MSLC

Migrant Students Plan their Futures with ETSU
This summer ETSU hosted the Seventh Annual Migrant Student Leadership Conference for 40 migrant Hispanic high school and middle school students from across the state. During the week of July 29 participants were engaged with college students, community leaders and faculty, with the goal of increasing the likelihood that these youth will graduate from high school and obtain post-secondary training that will lead to productive careers for their communities.
 
This year's academic content centered on writing and website development with the theme of "My Social Footprint," taught by Program Coordinator and ETSU graduate (2013), Tiffany Ann Taylor. Discussions revolved around their impact on society and led to topics that the students included on their websites: What they plan to do after graduation and what changes they will make in their lives to better contribute to their communities and have a responsible presence on social media sites, such as Facebook.
 
The "Writing for a Reason" class taught by Holly Melendez (ETSU, 2002 and 2012) focused on defining and identifying a mentor or a career icon in the students' lives, and led to them writing a one page essay on their mentor using a standard essay format and highlighting at least three positive character qualities they wished to emulate.
 
A "Healthy Lifestyles" class facilitated by Meagan Batchelor, a current ETSU student, complemented the health screening that was provided to all participants. The "Community Matters" project took the students on a tour of the ETSU recycling program, which initiated a time of volunteering and a week-long project of collecting recyclables on campus. On Wednesday, the students were transported to Northeast State Community College for a tour and a discussion of alternative ways to receive an education. A lecture/demonstration called "Math Rocks" was presented by NESCC professor, John Melendez.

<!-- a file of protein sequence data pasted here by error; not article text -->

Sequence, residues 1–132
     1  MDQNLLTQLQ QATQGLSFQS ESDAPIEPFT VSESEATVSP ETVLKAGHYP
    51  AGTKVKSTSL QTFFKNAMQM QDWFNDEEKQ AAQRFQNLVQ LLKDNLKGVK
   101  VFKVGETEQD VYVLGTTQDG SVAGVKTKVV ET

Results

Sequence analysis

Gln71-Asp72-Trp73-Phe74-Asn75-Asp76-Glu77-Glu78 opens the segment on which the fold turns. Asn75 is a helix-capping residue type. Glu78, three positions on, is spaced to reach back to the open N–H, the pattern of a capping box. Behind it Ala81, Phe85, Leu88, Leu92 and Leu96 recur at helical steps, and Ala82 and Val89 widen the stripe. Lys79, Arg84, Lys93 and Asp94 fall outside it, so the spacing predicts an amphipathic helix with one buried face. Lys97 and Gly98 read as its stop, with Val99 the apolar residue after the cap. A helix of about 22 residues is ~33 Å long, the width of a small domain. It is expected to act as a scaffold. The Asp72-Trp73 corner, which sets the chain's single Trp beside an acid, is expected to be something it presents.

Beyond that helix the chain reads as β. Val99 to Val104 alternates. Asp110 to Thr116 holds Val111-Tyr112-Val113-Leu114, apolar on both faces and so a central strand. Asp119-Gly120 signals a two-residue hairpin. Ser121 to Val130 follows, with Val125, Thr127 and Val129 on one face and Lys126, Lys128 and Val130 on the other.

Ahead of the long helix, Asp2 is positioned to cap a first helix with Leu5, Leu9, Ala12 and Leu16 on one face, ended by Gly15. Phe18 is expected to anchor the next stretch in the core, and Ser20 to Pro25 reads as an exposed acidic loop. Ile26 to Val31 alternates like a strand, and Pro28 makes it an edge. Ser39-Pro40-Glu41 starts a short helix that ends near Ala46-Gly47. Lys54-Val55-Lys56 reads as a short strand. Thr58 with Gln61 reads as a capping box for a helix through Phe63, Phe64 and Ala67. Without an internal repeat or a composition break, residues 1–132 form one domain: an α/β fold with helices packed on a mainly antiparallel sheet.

Evening activities included soccer training with the ETSU Women's Soccer Team, a Zumba class, a show at the ETSU planetarium presented by Dr. Gary Henson, mentorship time with counselors and a movie night.
 
A highlight of the program was the Career Round Robin held on Friday morning in the Culp Center. Representatives from various professions and agencies met with students interested in a particular field, from health care and education to fire fighters, police and court interpreting. Through this event the students have an opportunity to learn about a variety of careers in a one-on-one environment.
 
Seven of the 13 staff counselors in the program were from ETSU, both recent graduates and current ETSU graduate students. Participants resided in a campus dorm, ate at the Market Place in the Culp Center, and were exposed to college life, including admissions, financial aid, study skills and career workshops.
 
Much of the week was spent working on their website development and essays in the ETSU Digital Media Center. Friday evening during the Closing Program at the Wesley Memorial United Methodist Church the students presented their culminating projects to guests, with ETSU President Dr. Brian Noland in attendance, on laptops positioned around the Fellowship Hall and several read their mentor essays aloud.
On Saturday the conference concluded with an evaluation session and saying goodbye to their new friends. The success of the program will be measured by the choices the students make in the future. In the meantime, the conference inspired 40 promising high school and middle school students to study and work toward the many options they will have upon graduating.
 
For more information please contact Dorothy Dobbins or Ardis Nelson, Co-directors of the program.
 

 
The new October issue of ETSU Accent, the faculty/staff newsletter, is available at:
http://www.etsu.edu/univrela/accentarchives/2013/15_October_29.pdf.